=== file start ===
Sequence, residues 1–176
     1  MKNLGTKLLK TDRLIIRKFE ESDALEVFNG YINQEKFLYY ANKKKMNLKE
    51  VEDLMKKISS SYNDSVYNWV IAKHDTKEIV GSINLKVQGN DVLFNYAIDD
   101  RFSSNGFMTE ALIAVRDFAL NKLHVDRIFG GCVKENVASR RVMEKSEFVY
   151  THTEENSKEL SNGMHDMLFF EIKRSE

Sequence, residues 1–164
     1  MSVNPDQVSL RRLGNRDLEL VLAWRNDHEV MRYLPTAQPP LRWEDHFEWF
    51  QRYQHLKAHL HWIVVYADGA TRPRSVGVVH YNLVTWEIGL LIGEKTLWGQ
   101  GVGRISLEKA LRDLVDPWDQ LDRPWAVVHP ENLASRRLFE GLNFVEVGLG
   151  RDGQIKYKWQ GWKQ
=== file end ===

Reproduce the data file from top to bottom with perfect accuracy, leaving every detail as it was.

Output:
Sequence, residues 1–176
     1  MKNLGTKLLK TDRLIIRKFE ESDALEVFNG YINQEKFLYY ANKKKMNLKE
    51  VEDLMKKISS SYNDSVYNWV IAKHDTKEIV GSINLKVQGN DVLFNYAIDD
   101  RFSSNGFMTE ALIAVRDFAL NKLHVDRIFG GCVKENVASR RVMEKSEFVY
   151  THTEENSKEL SNGMHDMLFF EIKRSE

Sequence, residues 1–164
     1  MSVNPDQVSL RRLGNRDLEL VLAWRNDHEV MRYLPTAQPP LRWEDHFEWF
    51  QRYQHLKAHL HWIVVYADGA TRPRSVGVVH YNLVTWEIGL LIGEKTLWGQ
   101  GVGRISLEKA LRDLVDPWDQ LDRPWAVVHP ENLASRRLFE GLNFVEVGLG
   151  RDGQIKYKWQ GWKQ